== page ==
Posted 15 February 2006 - 01:47 AM
Posted 15 February 2006 - 06:56 AM
Memory optimizers function mainly by flushing data from memory--the problem with this is if the data is not in RAM, the program needs to access the harddrive to get it (and that is much slower than RAM).
Some say that this flushing process defragments ram, and then the ram then fills back up in sequential fashion so that the data now in ram reads faster. Sounds logical, but I have never seen any real proof that programs can access data stored sequentially faster than data not stored sequentially--plus you have to contend with the fact that RAM Optimizers are generally set to continuously flush ram on a scheduled basis (every X minutes), which negates any performance boost since your programs are back to hitting the harddrive again).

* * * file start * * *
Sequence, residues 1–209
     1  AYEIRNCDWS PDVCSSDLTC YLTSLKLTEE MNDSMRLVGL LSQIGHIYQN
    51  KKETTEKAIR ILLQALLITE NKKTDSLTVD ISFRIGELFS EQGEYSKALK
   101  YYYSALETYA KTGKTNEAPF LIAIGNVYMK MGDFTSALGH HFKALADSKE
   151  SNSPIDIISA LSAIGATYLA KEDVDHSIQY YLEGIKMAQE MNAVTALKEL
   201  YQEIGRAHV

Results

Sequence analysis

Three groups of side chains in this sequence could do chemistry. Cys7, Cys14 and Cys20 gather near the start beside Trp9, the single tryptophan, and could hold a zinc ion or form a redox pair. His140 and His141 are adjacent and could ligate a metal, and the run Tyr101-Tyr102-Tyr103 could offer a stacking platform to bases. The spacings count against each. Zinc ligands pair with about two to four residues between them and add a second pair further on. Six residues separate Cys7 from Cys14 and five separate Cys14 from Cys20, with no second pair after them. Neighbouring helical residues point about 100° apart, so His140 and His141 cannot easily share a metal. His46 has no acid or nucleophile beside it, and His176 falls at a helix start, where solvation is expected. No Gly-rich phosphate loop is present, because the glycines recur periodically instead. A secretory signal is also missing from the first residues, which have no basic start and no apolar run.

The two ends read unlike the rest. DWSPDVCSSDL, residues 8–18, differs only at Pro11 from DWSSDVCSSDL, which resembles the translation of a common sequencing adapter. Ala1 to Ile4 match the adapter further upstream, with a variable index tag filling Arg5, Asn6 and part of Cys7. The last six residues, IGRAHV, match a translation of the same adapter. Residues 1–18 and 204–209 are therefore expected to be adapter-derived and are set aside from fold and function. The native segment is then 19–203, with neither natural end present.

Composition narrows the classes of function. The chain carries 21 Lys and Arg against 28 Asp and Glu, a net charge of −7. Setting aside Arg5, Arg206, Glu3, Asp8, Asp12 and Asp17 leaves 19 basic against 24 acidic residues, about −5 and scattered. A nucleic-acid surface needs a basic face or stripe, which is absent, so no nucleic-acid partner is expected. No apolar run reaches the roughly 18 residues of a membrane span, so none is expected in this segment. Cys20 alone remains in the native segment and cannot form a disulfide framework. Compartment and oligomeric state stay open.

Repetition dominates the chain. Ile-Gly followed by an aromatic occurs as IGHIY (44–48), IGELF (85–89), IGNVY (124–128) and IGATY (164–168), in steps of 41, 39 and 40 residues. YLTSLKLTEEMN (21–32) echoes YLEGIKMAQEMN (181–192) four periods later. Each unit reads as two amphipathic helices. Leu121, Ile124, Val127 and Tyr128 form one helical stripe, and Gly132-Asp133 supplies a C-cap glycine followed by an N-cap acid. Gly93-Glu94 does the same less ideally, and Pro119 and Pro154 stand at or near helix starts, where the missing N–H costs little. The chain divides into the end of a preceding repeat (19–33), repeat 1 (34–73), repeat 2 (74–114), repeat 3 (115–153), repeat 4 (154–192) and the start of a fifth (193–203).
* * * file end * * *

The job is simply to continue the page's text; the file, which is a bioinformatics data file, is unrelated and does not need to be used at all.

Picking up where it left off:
I've heard people talk about some ram optimizers that will allign data in RAM in different ways to improve performance, rather than flush the ram, but I have not seen such programs. Would this work? I am skeptical.
I would say give them wide berth
Posted 16 February 2006 - 03:39 AM
once again thanx
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